To push an extracorporeally formed slip-knot through the trocar and into the operative region where the knot is to be tightened about a body structure requires a knot pusher instrument. In the prior art, the knot pusher instrument engaged the strand of suture material above the knot with the tip of the instrument bearing against the knot during the pushing and tightening sequence. The typical knot pushing instrument in the prior art utilized a longitudinally extending groove located in the distal surface portion of the instrument; under certain orientations of the knot pusher within the trocar, the strand of suture could not be retained in the groove, would slip out, and necessitate the surgeon relocating the suture strand into the slot. This procedure was excessively time consuming if the suture strand became disengaged while the knot was being advanced through the trocar.
Referring now to FIGS. 1 and 2, the knot pusher instrument 1 is shown in a first position and consists of an elongated rod 2 having an axis of elongation 3 where the elongated rod may be made preferably of a stainless steel material. At the distal end 4 of elongated rod 2, the rod contains a tapered axially extending slot 5 which has an opening 6 in the distal tip or terminus of the rod that communicates with tapered axially extending slot 5. As can be seen in FIGS. 1A and 2A, the distal end 4 of elongated rod 2 has a diameter that is larger than the diameter of the rod 2. This results in a transition shoulder 7 which acts as a retainment barrier for the locking sleeve 8.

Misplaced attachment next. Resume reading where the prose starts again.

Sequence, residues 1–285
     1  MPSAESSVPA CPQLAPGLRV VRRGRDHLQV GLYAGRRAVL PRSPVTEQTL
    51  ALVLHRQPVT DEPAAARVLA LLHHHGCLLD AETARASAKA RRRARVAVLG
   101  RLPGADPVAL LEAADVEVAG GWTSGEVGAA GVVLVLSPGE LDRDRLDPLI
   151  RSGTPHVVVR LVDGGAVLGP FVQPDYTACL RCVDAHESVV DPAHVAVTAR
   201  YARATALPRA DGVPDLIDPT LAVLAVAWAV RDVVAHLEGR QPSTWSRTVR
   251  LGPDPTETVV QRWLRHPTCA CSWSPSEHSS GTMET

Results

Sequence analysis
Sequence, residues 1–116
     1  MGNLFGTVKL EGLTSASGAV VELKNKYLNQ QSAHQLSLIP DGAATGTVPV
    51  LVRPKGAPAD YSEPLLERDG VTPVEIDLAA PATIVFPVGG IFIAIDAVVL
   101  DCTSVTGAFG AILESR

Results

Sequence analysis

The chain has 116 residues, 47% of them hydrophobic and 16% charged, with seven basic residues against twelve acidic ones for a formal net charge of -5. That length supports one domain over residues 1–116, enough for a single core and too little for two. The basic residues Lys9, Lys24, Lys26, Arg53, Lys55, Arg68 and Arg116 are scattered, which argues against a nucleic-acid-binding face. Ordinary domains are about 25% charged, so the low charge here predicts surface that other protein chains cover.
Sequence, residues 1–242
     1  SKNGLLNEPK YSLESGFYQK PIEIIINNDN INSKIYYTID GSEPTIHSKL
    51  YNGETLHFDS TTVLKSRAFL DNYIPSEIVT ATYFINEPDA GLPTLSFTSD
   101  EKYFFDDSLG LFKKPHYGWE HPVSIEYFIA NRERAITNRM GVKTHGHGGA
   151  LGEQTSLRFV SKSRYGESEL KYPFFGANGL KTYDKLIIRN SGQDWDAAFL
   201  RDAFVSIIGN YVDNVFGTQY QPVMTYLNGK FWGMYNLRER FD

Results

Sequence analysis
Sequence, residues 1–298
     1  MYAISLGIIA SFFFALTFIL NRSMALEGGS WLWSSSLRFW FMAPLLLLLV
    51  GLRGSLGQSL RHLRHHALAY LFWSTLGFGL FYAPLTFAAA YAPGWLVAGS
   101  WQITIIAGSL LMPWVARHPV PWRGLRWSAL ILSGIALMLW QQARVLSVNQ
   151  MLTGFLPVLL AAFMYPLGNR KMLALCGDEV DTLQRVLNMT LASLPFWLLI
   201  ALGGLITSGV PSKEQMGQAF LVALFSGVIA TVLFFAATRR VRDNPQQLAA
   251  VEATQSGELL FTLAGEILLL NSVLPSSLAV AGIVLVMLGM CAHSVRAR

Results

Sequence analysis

FIG. 1A is an exploded perspective view which illustrates the locking sleeve 8 in positional relationship to the distal end 4 of elongated rod 2. As can be seen in FIG. 1A, locking sleeve 8 has an axially extending cavity 9 which communicates with proximate opening 10 and distal opening 11 forming a continuous passageway through the locking sleeve for receiving the distal end 4 of elongated rod 2. Locking sleeve 8 has an axially extending open slit 12 which communicates with the cavity 9 and distal opening 11. As more clearly seen in FIG. 2A, locking sleeve 8 has an open region 13 which communicates with the cavity 9 and axially extending slit 12. To facilitate the threading of the strand of suture material (not shown) into tapered axially extending slot 5, the distal portion 14 of the slit 12 is flared. Thus, the strand of suture above the slip knot may be directed into tapered axially extending slot 5 by engagement with the flared portion 14 of slit 12.